New Taiwan President Unfamiliar With U.S. Green Card laws
“The election outcome reflected the mainstream will of the public,”Ma told a cheerful crowd at his campaign headquarters in Taipei at 7:30pm.“The people want change. They want a clean government. They want political stability, economic prosperity, and cross-strait peace.”
Taipei – Taiwan’s opposition front-runner, Ma Ying-jeou, swept to a landslide victory in the presidential election on Saturday, the Central Election Commission confirmed.
To the surprise of many observers, the issue of an American green card is still hounding Ma Ying-jeou, the presidential candidate of the Kuomintang (KMT), to the very last moment before the March 22 presidential election. Ever more surprising is the fact that Ma, generally considered a politician of high integrity in Taiwan, seems to lie all along about the validity of his PR status, as indicated by advertisements in local media sponsored by the camp of Frank Hsieh, the presidential candidate of the ruling Democratic Progressive Party (DPP). What is most regrettable for his supporters is that Ma should have performed much better in this battle of credibility, but apparently he did not live up to public expectations, because he unwittingly chose to dance to the DPP’s tune, thus gradually and unknowingly falling into a trap set by his political enemy.
The document issued by the U.S. government as cited in a DPP advertisement states that “it is not the statement, renouncing residence, but the absence of a fixed intent to return, that results in the loss of LPR status.” Here, the key word is the “intent.” The very fact that Ma has gone to the U.S. many times from Taiwan using a non-immigrant visa instead of his green card, and that later he did not change his old green card to a new one as required by the U.S. government amply demonstrates that he had no “intent” to stay in the U.S. permanently. The only mistake he has made is that he is not that knowledgeable about the detailed regulations of the U.S. immigration law, and hence failed to fill out certain forms as legally required.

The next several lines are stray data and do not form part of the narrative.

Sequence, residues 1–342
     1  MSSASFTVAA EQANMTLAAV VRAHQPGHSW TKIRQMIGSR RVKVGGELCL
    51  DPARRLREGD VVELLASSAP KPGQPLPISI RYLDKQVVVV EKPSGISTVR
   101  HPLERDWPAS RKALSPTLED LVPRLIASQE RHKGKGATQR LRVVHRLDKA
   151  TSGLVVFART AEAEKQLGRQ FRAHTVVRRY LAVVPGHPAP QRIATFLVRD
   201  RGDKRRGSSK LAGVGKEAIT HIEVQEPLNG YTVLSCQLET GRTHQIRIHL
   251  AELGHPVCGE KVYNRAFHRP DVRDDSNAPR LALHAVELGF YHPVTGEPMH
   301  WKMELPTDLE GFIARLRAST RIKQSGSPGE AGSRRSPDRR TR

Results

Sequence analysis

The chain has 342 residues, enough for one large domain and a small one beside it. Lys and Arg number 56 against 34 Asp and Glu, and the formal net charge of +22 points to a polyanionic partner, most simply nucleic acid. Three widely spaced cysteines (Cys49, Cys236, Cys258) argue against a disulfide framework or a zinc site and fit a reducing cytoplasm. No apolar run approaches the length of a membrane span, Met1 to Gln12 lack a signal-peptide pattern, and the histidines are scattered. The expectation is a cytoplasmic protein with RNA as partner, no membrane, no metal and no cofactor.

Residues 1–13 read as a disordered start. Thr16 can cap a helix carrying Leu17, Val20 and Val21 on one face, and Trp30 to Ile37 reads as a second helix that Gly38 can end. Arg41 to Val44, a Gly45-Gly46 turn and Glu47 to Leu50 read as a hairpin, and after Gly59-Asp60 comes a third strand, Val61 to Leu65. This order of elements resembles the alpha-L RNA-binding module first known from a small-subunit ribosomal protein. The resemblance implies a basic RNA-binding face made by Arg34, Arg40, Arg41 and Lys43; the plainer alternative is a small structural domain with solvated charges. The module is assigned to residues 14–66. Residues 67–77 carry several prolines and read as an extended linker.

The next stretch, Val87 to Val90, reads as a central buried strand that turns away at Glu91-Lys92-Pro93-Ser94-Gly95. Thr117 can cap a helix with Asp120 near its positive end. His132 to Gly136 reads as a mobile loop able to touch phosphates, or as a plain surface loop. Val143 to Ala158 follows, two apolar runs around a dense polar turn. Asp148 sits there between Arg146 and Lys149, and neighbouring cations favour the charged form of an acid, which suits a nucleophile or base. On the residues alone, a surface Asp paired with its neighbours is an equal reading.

In fact, Ma is definitely not alone in his lack of understanding of U.S. law in this respect. Many naturalized Chinese-Americans can testify that they have always believed, as Ma did, that when they leave the U.S. for a long period of time, they would automatically lose their PR status. This is why so many Chinese with green cards are flying back from overseas to the U.S. once or twice a year to fulfill their obligation of confining themselves in what they satirically call the “immigration prison.”
Then, one may ask: Why is there such a big fuss about Ma’s green card in the first place? Because the DPP asserts that Ma does not “love Taiwan” by possessing a green card that could enable him to escape from Taiwan and find a “safe haven” in the U.S., any time during a crisis. Such a charge can be effectively countered by pointing out that Ma has worked in Taiwan for several decades and helped the island pull through crisis after crisis. To put it bluntly, as a prominent political figure in Taiwan, Ma would probably be allowed to “escape” to the U.S. any time during a crisis as he wishes, with or without a green card.
Green Cards are the carrot at the beginning of an immigration stick. Few, if any Americans fully understand Green Cards. More immigrants may understand them, because they rely on them to survive. The Green Card quagmire is just one of the many strings attached to the convoluted path America gives its immigrants. Many immigrants know more about America than Americans … they come to work. They come with hope. They are met with contempt. Taiwan’s new President is fortunate to have a political visa to replace his expired Green Card.